Foreign Relations & International Law

Never Again, Again, and Again

Myroslav Laiuk
Wednesday, May 18, 2022, 11:04 AM

On the Crimean Tatar Deportation and Other Genocides Russia Committed in Ukraine.

2014 Rally in Taras Shevchenko Park in Kyiv, Ukraine Commemorating Deportation of Crimean Tatars. (kaktuse,; CC BY-SA 3.0,

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The massacre in Bucha near Kyiv, committed by Russian soldiers a few weeks ago, came as a shock to many citizens of liberal democratic countries. They shouldn’t be so surprised. Genocide is actually a traditional method of Russian “politics.” What happened in Bucha and what is now happening in Mariupol and other Ukrainian cities—murder, torture, and rape of Ukrainians—is perfectly in keeping with the historical practice of ethnic cleansing long carried out by Russia in Ukraine and elsewhere. Such atrocities, because of the machinations of the perpetrator, have been insufficiently covered and often whitewashed or even justified in the world media. 

One of the best examples of such an unnoticed genocide is the extermination of the Crimean Tatars, the indigenous people of what is now Russia-occupied Crimea. Today is its anniversary. The deportation of the Tatars from the Crimean Peninsula began on May 18, 1944. During the deportation, about half of the Crimean Tatar people were exterminated.

The Final Solution to the Crimean Tatar Question 

As is well documented, the Nazis called the extermination of the Jews “the final solution to the Jewish question.” On April 3, when the world was horrified by the photos from Bucha, an article about the “solution of the Ukrainian question” showed up at the RIA Novosti, a Russian state news agency. But this isn’t the first time Russia has indulged this impulse. In the 18th and 19th centuries, the Russian Empire “solved” the “Circassian question.” In the 1940s, the USSR dealt with the “Lithuanian question.” And in the 1990s, Russia solved the “Ichkeria question.” But those are stories for a different day.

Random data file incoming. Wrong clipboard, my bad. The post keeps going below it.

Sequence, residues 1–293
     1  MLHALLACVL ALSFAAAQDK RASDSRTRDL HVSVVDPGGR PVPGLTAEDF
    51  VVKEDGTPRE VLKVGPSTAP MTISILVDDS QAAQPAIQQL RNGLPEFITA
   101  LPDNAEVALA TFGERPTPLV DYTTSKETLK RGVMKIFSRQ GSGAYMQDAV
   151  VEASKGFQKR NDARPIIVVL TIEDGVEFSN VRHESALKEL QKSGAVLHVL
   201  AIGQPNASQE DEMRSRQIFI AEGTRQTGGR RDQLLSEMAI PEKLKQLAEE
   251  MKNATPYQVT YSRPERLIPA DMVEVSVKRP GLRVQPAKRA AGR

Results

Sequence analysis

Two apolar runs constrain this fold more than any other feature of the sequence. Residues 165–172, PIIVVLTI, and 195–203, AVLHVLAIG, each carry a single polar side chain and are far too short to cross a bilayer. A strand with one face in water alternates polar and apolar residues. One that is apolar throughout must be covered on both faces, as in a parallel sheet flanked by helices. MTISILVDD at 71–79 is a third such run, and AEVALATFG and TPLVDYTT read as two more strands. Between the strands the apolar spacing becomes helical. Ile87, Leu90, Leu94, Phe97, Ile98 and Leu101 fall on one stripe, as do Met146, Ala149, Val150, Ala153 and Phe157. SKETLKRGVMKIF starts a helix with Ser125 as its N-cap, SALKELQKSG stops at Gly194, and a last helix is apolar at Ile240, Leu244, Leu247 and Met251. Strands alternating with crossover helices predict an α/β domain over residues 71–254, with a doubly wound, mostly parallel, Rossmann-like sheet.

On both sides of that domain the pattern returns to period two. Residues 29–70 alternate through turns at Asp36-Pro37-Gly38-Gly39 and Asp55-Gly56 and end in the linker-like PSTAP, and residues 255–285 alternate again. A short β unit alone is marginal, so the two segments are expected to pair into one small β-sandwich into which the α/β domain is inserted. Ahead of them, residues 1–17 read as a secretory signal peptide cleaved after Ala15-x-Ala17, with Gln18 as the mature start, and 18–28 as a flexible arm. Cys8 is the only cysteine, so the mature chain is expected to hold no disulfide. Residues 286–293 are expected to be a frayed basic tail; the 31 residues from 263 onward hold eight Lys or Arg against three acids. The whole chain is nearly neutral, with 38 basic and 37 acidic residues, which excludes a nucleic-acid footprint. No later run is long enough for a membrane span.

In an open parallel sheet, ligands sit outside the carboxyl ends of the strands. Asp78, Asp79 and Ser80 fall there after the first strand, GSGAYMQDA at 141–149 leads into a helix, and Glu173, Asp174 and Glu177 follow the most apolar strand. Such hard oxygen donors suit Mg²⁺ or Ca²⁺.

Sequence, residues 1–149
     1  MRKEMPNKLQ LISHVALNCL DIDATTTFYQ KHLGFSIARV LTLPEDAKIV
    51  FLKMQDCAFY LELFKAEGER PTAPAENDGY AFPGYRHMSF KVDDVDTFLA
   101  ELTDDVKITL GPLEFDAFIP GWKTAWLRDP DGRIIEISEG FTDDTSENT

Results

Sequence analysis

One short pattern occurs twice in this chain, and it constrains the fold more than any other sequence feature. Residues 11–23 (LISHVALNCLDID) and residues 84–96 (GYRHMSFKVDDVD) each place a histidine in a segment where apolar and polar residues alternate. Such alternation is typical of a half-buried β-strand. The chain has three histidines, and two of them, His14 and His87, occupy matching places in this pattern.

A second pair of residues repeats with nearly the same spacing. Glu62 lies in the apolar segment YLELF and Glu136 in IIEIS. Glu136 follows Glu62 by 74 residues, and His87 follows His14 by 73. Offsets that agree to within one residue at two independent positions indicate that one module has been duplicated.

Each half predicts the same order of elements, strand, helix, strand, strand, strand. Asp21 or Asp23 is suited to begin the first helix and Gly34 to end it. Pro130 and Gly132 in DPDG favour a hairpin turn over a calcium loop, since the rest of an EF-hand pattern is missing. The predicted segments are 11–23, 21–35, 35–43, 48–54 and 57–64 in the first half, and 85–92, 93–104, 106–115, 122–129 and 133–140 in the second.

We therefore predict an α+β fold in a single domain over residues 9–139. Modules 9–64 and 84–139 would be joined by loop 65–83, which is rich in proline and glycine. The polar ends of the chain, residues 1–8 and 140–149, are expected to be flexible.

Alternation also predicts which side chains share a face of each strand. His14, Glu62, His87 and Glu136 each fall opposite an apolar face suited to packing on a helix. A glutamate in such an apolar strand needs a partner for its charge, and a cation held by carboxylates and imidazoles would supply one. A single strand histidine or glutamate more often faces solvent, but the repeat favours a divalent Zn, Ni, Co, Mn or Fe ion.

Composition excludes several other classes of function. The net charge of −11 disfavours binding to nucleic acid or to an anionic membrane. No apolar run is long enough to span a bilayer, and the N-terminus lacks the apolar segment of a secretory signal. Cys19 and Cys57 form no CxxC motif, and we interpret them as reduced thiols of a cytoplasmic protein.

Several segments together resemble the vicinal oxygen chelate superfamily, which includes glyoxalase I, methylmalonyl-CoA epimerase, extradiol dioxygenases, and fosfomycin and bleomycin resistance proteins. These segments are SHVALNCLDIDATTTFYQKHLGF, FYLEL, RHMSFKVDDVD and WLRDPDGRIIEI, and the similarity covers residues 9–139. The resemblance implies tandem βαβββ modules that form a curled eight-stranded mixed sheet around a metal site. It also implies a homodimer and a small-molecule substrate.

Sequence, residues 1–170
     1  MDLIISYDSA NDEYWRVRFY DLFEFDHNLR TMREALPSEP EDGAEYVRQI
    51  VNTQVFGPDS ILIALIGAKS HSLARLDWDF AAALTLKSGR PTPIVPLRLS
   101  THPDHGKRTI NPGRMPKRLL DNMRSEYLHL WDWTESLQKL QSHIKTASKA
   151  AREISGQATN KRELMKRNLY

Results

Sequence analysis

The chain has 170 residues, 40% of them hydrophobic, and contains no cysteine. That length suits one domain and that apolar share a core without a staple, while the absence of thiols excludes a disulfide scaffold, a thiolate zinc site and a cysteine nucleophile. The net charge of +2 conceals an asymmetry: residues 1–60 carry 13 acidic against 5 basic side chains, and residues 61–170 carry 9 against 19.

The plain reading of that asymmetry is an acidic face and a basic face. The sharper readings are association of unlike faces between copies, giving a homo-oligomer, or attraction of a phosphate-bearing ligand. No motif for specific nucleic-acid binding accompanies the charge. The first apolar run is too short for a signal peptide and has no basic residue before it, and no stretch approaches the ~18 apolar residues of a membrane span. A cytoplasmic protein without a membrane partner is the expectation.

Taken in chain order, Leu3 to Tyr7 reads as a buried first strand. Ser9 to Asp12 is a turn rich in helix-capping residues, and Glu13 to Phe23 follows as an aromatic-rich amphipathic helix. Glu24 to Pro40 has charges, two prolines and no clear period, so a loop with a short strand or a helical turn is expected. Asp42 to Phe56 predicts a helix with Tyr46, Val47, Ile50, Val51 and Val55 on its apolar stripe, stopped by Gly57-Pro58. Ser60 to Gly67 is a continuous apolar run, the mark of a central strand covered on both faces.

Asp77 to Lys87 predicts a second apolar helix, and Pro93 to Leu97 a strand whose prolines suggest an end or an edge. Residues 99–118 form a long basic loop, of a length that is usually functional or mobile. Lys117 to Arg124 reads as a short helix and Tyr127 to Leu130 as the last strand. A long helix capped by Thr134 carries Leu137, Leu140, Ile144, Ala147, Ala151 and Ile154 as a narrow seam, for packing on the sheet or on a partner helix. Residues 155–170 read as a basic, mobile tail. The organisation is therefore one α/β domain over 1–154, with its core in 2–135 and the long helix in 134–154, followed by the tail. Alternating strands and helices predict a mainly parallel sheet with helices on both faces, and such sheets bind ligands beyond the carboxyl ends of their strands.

Today, a few words about the “Crimean Tatar question.” Stalin’s order and the resolution of the USSR State Defense Committee of May 11, 1944, led to tragic effects. Within three days in May 1944, an entire nation that had lived in Crimea for centuries was forcibly deported to Central Asia. According to various sources, between a quarter and half of the people were killed during long-term transportation in packed freight cars, as well as later in barbaric forced living conditions. 

At the same time, any public mention of Crimean Tatars was banned in the USSR. The mention of the ethnicity was suddenly absent in subsequent Soviet censuses. Authorities changed about 90 percent of geographic names on the peninsula that had Crimean Tatar names. 

The descendants of the survivors of the genocide returned home in 1989. By that time, their family houses were mostly inhabited by Russians who had transmigrated in 1944, immediately after the deportation of the local population. And in 2014, after Russia’s annexation of Crimea, the persecution of Crimean Tatars began again. Dozens of Crimean Tatar activists are currently being held in Russian prisons. From time to time, human rights advocates record the mysterious deaths of Crimean Tatars, and there is a lot of evidence of repression of the Crimean Tatar language. 

What was Stalin’s rationale for the deportation? I will describe it below. But for now, ask yourself whether there is ever any good reason to destroy a nation?

Carpathian-Embroidered Table Runners and Crimean-Embossed Utensils